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how to treat without being a doctor HOW TO TREAT WITHOUT BEING A DOCTOR Dr Aruyaru Blog Post HOW TO TREAT WITHOUT BEING A DOCTOR


“Hello Daktari? Am [sic] so passionate to pursue medicine like you but unfortunately, I have a mean grade of C-? Which level can I begin with?” I got this random message through one of my social media accounts. 

I referred them to the Kenya Medical Training College (KMTC) website to check the various diploma courses and requirements. 

This text took me back in time to a similar conversation. I had just left the clinic for a quick lunch. When I got the phone call from one of our staff, I thought it was a new patient who had been registered. It was the son of a staff member who would really wish to talk to me, I was told. Was I in a position to grant him some twenty minutes?

‘Sawa. After lunch. In my office’, I confirmed, crowding my always impossible schedule with another impromptu catch up. In my mind I thought it must have been a medical issue that they needed me to advise on. 

When the door was knocked, a lanky well-kept young man walked in. He had just received his form four results and he had done fairly well. His grade, however, could not guarantee him a regular university admission for a degree in medicine. He had been admitted for commerce. He was a needy student who had been brought up by a single parent assisted by well-wishers. Did I know of a way he could join university to pursue medicine?

“Why?” I asked. He replied that he always wanted to become a doctor so that he could serve people. It is a line I have heard, if not used, severally. 

After some discussion, my advice was that he could either apply for a self-sponsored position and seek a scholarship. Alternatively, he could get the admission offer from another university,  defer this offer, do his business course and come back to try medicine as a mature entrant having saved for his school fees (I do not speak as an authority so I am not certain that all these permutations are possible). All this was dependent on whether the prevailing circumstances would allow such arrangements. He promised to check out about these. 

I then challenged him to look at another angle. Being a doctor, you can only treat so many. If you treat fifty patients per day and you work all days, that is 1500 patients per month and just under 20 000 per year. If you work for 50 years non-stop, that will be a million people treated. Then you call it a day. Yet the biggest impact can come in a different way that multiplies the beneficiaries. If you start a charity that builds a hospital, that hospital could treat ten times that number in less than half the period. I gave him the examples of philanthropists who have funded healthcare and are not doctors. Bill and Melinda Gates and Dr James Mwangi of Equity Bank are quick examples. 

We parted ways and I asked him to come back with any further questions or clarifications and to give me feedback on his decision. I have not heard from him since though I learn that he has already cleared his first semester of his Business degree. 

Medicine, as we often witness, is one of the preferred post-secondary training paths. The rough reality is that many wish but few make it to join medical school. Even after joining, the attrition rate is significant in medical school. I remember during my class, we must have graduated around 50% of the group that we joined university with. Others either quit, repeated classes, had academic discontinuations or shifted to other courses.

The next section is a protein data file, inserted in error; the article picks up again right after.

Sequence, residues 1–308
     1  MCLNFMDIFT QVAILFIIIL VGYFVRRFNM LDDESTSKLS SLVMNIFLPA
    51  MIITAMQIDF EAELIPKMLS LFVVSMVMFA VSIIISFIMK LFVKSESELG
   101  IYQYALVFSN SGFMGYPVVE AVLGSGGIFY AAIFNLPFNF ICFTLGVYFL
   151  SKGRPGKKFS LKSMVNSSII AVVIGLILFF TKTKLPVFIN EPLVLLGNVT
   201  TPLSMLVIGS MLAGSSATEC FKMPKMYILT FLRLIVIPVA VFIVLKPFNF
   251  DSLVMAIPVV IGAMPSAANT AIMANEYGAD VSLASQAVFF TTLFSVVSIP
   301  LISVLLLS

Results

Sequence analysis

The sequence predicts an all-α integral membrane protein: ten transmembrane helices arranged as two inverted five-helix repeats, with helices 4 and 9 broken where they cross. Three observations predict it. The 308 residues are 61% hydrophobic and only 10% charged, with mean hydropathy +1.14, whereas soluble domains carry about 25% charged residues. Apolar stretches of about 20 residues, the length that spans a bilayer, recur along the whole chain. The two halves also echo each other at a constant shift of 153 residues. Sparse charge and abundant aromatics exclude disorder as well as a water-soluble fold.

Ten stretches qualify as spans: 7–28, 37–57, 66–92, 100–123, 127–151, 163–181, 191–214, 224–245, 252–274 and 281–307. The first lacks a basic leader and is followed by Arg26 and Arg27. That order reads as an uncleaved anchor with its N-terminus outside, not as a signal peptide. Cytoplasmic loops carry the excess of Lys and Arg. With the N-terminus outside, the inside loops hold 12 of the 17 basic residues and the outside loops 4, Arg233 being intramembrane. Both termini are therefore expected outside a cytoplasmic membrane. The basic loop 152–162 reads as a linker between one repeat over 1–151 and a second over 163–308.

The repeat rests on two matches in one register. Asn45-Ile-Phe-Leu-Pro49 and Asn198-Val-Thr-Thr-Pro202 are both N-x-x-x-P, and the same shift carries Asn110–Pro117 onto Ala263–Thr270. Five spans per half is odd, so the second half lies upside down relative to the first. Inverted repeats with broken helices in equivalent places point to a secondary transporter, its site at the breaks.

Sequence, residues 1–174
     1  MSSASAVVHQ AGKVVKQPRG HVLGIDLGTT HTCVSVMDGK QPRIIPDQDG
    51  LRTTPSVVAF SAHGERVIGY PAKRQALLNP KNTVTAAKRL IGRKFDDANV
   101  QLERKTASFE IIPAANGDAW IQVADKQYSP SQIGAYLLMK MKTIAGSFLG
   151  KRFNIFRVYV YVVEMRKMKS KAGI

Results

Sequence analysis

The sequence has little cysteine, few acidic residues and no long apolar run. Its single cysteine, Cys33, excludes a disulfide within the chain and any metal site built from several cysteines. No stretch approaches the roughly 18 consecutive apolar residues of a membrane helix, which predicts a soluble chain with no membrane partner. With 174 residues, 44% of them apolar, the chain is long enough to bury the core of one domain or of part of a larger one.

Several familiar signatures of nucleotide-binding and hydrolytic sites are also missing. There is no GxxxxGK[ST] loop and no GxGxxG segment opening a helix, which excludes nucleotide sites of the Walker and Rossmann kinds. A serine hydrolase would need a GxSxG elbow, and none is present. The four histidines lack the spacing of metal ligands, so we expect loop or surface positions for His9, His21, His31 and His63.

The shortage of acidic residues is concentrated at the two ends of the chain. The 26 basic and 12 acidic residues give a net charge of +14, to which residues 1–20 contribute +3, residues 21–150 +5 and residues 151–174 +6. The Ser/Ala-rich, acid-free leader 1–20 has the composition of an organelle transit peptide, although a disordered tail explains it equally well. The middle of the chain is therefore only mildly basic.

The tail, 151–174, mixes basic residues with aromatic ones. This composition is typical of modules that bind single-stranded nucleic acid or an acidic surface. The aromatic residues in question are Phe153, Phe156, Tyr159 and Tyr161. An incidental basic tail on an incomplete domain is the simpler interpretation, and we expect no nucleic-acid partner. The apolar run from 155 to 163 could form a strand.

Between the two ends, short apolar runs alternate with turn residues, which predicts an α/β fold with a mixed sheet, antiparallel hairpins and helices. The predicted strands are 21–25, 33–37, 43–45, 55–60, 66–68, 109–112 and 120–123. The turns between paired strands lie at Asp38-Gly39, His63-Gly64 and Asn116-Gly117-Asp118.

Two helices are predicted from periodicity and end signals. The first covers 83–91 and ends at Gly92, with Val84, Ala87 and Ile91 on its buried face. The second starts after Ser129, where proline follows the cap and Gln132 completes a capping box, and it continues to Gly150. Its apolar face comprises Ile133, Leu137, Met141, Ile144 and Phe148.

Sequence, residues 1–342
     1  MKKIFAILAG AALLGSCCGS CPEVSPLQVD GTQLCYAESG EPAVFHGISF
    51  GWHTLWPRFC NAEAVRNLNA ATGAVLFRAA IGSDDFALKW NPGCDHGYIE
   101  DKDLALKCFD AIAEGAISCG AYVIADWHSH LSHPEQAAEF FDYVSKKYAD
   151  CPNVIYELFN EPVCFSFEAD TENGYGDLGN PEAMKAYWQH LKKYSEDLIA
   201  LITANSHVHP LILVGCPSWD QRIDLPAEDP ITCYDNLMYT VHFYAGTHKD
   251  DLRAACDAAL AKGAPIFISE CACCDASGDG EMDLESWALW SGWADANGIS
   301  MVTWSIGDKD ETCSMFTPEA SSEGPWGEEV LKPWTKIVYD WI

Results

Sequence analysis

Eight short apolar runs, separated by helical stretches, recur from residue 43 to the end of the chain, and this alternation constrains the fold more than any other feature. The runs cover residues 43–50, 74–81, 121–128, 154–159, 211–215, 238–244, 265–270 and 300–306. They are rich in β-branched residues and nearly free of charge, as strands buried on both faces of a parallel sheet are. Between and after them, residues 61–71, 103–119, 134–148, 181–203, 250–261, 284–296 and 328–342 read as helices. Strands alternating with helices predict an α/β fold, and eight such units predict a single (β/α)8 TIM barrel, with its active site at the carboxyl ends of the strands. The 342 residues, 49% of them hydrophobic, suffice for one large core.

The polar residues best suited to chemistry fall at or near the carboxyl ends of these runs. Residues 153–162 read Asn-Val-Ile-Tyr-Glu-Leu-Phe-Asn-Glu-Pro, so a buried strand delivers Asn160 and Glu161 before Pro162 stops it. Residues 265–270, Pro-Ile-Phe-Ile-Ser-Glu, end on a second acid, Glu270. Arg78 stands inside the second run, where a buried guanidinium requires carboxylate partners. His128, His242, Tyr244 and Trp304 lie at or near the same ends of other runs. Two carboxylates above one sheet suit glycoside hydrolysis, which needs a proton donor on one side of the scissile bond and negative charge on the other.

If every young Kenyan’s intention of pursing medicine is to make better the lives of citizens suffering ill health, there are numerous alternative routes if training as a doctor is not available. Being a health manager in charge of running a health facility or formulating a health policy will give one a pedestal not available even to many doctors. You could become a hospital administrator or the leader of a business conglomerate that runs hospitals. Your impact would be heavily felt by the policies you institute, if the charitable desires of yester years will still be residual. You can make enough money and as part of giving back to society, you could sponsor a poor child through high school and medical school. You will still be impacting the health of your people. You can make money and establish an endowment fund to support hospitals or research centres or community centres to tackle health problems.  

The end justifies the means. Everyone can contribute in their own way to improve the health of our people. 

Imagine all the current executives of private or public hospitals. If all had the same desires of making the health of our people better by becoming doctors, they now wield more powers than the doctors they employ. They can still alleviate peoples’ suffering through welfare programs, free medical interventions and pro-poor financial policies.

Research shows that almost half of certain sectors of Kenya healthcare are funded by foreign donors. This means there is more room for Kenyan citizens to plug in and fund certain programs in our health sector. 

You do not need to become a doctor to improve the health and well-being of our citizens. You just need to maintain that desire even after taking on a non-medical career. There are always opportunities. That twists the question back to ‘Why do you really want to become a doctor?’ 

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About the Author

Dr. Stanley Aruyaru

Dr. Aruyaru is a Consultant General and Laparoscopic Surgeon and a Healthcare Manager. He has solid experience in managing busy surgical units and leading clinical teams to deliver in the lines of quality health provision and evidence based surgical practice.

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